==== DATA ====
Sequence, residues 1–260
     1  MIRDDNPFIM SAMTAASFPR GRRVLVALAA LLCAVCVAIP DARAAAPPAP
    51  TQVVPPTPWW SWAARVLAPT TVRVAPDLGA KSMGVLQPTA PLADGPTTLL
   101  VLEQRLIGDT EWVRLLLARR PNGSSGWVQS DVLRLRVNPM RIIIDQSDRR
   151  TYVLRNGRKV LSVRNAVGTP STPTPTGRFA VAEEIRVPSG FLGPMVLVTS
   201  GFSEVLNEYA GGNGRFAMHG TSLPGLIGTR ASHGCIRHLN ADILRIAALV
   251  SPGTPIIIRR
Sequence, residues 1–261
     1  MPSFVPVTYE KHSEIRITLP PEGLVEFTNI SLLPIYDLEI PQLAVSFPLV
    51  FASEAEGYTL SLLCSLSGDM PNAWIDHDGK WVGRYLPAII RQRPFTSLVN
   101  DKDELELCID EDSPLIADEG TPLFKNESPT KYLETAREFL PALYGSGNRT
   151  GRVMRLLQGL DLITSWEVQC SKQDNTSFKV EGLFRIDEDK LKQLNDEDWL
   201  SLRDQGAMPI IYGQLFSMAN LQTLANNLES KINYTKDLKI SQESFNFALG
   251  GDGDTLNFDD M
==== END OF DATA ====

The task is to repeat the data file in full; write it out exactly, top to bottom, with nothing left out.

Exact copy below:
Sequence, residues 1–260
     1  MIRDDNPFIM SAMTAASFPR GRRVLVALAA LLCAVCVAIP DARAAAPPAP
    51  TQVVPPTPWW SWAARVLAPT TVRVAPDLGA KSMGVLQPTA PLADGPTTLL
   101  VLEQRLIGDT EWVRLLLARR PNGSSGWVQS DVLRLRVNPM RIIIDQSDRR
   151  TYVLRNGRKV LSVRNAVGTP STPTPTGRFA VAEEIRVPSG FLGPMVLVTS
   201  GFSEVLNEYA GGNGRFAMHG TSLPGLIGTR ASHGCIRHLN ADILRIAALV
   251  SPGTPIIIRR
Sequence, residues 1–261
     1  MPSFVPVTYE KHSEIRITLP PEGLVEFTNI SLLPIYDLEI PQLAVSFPLV
    51  FASEAEGYTL SLLCSLSGDM PNAWIDHDGK WVGRYLPAII RQRPFTSLVN
   101  DKDELELCID EDSPLIADEG TPLFKNESPT KYLETAREFL PALYGSGNRT
   151  GRVMRLLQGL DLITSWEVQC SKQDNTSFKV EGLFRIDEDK LKQLNDEDWL
   201  SLRDQGAMPI IYGQLFSMAN LQTLANNLES KINYTKDLKI SQESFNFALG
   251  GDGDTLNFDD M